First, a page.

Honors Theses

Date of Award


Document Type

Undergraduate Thesis


Political Science

First Advisor

Richard Forgette

Relational Format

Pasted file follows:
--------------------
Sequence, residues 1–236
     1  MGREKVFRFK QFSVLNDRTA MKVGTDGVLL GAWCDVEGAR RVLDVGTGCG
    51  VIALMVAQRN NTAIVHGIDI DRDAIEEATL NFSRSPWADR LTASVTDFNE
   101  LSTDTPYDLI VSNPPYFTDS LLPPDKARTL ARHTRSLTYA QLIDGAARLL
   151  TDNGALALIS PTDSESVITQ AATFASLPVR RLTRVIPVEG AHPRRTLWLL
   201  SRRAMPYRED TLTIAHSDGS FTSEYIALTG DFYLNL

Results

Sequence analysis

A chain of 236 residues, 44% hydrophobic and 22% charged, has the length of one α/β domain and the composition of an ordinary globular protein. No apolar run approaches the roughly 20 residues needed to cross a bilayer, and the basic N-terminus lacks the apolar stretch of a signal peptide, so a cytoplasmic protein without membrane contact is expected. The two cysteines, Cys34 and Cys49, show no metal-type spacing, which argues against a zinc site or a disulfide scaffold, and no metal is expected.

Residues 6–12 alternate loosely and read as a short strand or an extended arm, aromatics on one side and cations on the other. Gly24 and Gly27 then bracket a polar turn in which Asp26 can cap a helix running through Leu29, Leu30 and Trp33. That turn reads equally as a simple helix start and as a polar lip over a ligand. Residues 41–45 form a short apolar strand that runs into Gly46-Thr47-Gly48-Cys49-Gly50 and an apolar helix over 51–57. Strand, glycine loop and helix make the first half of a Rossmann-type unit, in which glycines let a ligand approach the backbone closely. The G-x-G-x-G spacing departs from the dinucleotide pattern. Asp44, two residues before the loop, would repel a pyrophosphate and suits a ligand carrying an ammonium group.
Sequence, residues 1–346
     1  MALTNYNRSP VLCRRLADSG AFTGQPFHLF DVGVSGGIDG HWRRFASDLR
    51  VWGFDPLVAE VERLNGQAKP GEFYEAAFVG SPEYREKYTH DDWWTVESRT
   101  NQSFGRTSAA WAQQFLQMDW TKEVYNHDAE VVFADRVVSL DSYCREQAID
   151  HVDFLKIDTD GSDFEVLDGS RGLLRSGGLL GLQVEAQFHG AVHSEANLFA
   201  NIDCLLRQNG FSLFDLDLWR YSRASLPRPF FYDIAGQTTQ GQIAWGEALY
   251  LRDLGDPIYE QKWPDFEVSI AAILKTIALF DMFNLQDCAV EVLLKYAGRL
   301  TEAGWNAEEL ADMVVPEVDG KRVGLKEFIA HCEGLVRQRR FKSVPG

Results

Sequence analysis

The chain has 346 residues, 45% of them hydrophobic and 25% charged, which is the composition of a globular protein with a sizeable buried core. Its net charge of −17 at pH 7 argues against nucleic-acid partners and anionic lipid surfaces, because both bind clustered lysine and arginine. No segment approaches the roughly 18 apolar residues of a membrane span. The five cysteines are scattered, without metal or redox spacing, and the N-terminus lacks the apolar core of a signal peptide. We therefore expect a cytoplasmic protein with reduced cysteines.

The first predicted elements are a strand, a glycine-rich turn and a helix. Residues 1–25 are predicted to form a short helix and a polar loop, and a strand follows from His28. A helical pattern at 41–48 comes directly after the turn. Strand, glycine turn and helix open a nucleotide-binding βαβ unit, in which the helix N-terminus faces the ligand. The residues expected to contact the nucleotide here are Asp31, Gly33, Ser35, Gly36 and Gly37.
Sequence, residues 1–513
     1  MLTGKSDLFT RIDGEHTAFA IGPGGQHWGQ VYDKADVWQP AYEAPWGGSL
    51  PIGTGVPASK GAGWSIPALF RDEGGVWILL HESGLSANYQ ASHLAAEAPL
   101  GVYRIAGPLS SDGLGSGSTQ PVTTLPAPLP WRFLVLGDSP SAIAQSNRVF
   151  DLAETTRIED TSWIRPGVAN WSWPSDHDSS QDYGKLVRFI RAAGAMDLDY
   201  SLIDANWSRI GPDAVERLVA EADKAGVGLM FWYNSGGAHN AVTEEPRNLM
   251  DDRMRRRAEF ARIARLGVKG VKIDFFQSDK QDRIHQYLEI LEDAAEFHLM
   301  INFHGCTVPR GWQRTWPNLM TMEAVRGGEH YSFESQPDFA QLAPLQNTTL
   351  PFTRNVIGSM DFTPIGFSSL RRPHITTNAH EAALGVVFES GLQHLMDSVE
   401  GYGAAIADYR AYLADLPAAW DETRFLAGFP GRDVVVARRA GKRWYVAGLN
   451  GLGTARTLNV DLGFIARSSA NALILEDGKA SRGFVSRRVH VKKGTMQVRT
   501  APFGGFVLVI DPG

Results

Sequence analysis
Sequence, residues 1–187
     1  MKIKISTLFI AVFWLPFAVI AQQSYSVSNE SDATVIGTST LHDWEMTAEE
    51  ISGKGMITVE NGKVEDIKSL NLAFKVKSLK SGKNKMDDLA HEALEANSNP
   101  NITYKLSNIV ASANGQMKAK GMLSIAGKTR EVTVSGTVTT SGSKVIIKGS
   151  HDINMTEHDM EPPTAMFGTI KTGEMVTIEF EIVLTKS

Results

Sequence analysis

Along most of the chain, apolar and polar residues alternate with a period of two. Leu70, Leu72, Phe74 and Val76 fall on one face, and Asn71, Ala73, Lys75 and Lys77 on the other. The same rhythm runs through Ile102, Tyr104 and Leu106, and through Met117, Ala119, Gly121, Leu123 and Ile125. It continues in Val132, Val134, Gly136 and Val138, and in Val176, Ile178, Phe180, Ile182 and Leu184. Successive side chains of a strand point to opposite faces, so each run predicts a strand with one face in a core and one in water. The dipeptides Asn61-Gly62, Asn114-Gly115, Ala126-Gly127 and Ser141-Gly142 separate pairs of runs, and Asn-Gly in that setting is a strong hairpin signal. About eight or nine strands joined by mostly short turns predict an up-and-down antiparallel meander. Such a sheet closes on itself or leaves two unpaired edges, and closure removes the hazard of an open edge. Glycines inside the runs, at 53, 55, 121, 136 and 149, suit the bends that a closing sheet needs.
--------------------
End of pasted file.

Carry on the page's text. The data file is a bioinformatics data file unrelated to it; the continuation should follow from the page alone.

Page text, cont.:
Historically, the United States has consistently elected a smaller percentage of women in all levels of political office when compared to the population at large. Today, the average percentage of American females in politics lags behind the world average. However, some United States regions have fewer female representatives than others; presently, all but one of the Southern states have a smaller percentage of women in politics than the national average. Because of the American concurrence of the importance of equal rights, a lack of female political representatives specifically in the South is of cultural and political significance. In this study, I seek to determine the causes of the gap between the percentage of female politicians in the South and the percentage of female Southerners and focus on two possible sources for the underrepresentation: an absence of Southern female candidate emergence and a Southern voter bias against female candidates. I also seek to establish cultural conservatism's effect on these two possible causes. Through state legislature and survey data analysis, I ascertain that both a lack of female candidate emergence and a voter bias contribute to the deficiency in the number of Southern female politicians and that cultural conservatism is a foundation of both of these agents. With the understanding of these causes, I hypothesize potential methods for reform.

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